Arts & Culture

Nolte Academy puts a new spin on 'Nutcracker' with virtual event

Coralville dance studio, Englert Theatre put annual holiday classic online amid coronavirus pandemic

#x201c;The Nutcracker#x201d; Flowers prepare to waltz in the vineyard at Walker Homestead in rural Iowa City. Warm days
“The Nutcracker” Flowers prepare to waltz in the vineyard at Walker Homestead in rural Iowa City. Warm days in late summer and early fall allowed Nolte Academy to film several scenes outdoors for this week’s presentation of a new twist on the classic holiday ballet. (Nolte Academy)

Clara dreaming her way through an Iowa journey, tap dancers battling on the Old Capitol steps and Leslie Nolte choreographing masked flowers waltzing in a vineyard.

These are just a few of the peppermint twists in a re-imagined “Nutcracker” ballet that isn’t all ballet, and isn’t all onstage.

After 15 years of offering a traditional in-person “Nutcracker” for the holidays, Nolte Academy in Coralville and the Englert in Iowa City have produced their first virtual production of the time-honored tale of a young girl whisked through magical adventures. It will stream online Friday night and twice on Saturday. Find details at

The team had more than a few hurdles to dance around before making the leap to film.

First and foremost was safety, with more than 100 dancers ages 7 to 18 in the production.

Around June, when it became apparent that the Englert wouldn’t reopen by December, Nolte said the answer was to move as much filming as possible outdoors. While physical distancing in open spaces would provide a measure of protection from coronavirus spread, the dancers still had to rehearse, and when the weather turned cold, some scenes would need to move to the Englert for filming.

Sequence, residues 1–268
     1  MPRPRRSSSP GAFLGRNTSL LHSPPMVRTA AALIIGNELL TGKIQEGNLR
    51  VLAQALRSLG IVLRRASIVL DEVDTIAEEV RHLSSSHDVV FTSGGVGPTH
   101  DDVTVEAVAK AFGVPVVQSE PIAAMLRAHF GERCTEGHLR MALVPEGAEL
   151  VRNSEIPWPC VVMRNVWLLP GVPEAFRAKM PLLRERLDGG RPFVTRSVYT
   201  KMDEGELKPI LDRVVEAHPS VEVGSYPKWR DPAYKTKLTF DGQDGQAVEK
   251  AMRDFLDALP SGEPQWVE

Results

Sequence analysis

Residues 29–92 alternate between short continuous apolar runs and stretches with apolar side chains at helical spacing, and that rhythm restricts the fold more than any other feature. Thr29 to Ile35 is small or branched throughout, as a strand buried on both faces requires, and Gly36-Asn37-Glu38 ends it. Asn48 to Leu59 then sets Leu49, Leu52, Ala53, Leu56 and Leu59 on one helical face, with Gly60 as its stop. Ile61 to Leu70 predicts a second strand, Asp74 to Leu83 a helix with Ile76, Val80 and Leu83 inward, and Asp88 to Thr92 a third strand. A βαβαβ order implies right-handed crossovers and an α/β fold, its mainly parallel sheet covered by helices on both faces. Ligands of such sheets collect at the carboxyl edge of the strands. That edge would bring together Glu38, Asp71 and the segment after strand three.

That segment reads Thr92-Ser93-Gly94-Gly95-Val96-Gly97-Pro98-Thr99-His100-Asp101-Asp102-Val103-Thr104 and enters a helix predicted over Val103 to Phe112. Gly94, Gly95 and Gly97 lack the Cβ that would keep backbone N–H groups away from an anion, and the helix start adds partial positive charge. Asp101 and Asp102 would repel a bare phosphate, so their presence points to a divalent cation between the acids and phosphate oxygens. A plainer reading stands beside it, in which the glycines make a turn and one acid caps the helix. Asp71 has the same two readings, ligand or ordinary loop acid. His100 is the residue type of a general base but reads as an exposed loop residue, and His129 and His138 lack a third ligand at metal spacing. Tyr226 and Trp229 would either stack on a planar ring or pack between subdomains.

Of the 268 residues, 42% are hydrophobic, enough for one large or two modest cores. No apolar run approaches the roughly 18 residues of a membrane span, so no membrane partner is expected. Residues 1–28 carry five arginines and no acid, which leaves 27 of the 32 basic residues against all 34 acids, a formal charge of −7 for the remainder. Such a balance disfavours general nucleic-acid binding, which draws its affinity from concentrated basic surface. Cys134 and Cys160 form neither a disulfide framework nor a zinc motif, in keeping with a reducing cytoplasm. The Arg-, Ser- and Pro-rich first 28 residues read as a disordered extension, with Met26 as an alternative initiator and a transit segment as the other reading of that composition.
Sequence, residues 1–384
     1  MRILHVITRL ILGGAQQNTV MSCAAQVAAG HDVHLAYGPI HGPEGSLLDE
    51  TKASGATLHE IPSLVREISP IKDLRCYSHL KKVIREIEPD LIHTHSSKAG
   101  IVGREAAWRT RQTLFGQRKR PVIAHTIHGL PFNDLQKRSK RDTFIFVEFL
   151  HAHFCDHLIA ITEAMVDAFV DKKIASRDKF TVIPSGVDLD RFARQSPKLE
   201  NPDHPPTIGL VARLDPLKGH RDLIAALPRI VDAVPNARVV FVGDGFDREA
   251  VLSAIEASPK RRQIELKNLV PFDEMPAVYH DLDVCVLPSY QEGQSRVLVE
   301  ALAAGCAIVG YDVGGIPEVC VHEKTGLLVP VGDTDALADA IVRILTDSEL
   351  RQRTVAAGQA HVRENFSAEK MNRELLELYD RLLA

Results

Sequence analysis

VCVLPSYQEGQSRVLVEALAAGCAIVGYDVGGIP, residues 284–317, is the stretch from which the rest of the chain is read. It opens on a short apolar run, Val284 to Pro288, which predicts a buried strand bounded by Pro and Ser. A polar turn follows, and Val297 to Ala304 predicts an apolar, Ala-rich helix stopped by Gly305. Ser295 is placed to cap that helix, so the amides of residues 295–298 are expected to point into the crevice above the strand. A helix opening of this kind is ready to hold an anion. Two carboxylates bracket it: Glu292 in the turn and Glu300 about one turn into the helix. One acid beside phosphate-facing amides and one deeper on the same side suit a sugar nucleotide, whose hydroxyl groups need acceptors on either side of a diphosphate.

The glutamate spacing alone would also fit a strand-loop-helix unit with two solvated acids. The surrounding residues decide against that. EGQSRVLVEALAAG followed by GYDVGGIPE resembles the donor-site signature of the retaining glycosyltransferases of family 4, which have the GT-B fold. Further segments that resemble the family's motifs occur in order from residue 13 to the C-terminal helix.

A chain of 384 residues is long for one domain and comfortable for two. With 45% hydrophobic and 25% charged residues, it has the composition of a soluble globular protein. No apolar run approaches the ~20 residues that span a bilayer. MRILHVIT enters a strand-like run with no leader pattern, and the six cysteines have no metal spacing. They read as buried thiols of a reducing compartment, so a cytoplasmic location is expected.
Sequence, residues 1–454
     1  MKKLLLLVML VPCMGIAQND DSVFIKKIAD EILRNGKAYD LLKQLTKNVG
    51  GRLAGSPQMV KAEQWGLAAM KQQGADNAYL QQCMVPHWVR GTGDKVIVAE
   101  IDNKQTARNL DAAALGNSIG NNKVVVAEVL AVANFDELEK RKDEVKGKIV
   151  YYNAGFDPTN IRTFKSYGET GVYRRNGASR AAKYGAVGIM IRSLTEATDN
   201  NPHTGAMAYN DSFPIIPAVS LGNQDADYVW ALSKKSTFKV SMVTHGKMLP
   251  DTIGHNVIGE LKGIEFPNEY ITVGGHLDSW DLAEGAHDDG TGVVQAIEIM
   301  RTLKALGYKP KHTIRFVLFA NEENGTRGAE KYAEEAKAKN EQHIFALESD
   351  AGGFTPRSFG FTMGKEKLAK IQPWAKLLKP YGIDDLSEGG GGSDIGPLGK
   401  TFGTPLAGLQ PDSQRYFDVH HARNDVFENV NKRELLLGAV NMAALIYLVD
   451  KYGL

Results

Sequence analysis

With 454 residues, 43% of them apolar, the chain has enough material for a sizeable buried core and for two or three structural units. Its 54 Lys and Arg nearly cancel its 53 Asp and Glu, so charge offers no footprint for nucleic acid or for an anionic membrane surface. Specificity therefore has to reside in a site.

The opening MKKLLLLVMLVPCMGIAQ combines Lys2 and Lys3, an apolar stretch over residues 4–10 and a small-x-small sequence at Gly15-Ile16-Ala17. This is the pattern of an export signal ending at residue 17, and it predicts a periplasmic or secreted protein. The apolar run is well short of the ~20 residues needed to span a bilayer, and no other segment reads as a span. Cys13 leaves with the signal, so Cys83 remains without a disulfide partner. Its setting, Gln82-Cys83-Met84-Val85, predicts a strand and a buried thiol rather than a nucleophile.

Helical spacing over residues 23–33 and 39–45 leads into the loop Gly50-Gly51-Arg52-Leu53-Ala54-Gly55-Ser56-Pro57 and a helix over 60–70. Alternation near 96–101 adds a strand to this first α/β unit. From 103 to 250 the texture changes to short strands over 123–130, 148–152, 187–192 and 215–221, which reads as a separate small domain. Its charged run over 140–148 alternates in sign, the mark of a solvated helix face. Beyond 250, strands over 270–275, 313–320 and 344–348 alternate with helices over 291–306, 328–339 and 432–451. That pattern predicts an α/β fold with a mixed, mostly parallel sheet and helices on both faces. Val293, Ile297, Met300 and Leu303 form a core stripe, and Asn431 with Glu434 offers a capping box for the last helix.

Nolte Academy surveyed dancers and their families about their comfort levels for rehearsals and filming. Some were open to physically distanced, masked rehearsals, others preferred participating online all the way through.

“We just knew that for the dancers themselves, they need this annual work,” Nolte said.

Nolte, 44, of Iowa City, who owns the studio, has served as producer for “The Nutcracker” through the years, but hasn’t choreographed the show. So she turned to her ballet director, Sarah Barragan, 42, of Iowa City, for the role of artistic director. She served as rehearsal assistant for last year’s Nolte production, but also has staged 10 “Nutcracker” ballets at her own studio, City Ballet of Iowa, with her husband, Eloy Barragan, who also is a certified ScreenDance filmmaker.


The challenge was to re-imagine the show during the pandemic and keep everyone safe. Barragan said her first question was, “How do we make this work?”

In addition to Nolte, the creative team includes tap director Robyn Watson; contemporary dance choreographer Rylee Villhauer; and visual arts director Kyle Powell. Nolte alum Ellison Brown also worked with Barragan on writing the storyline.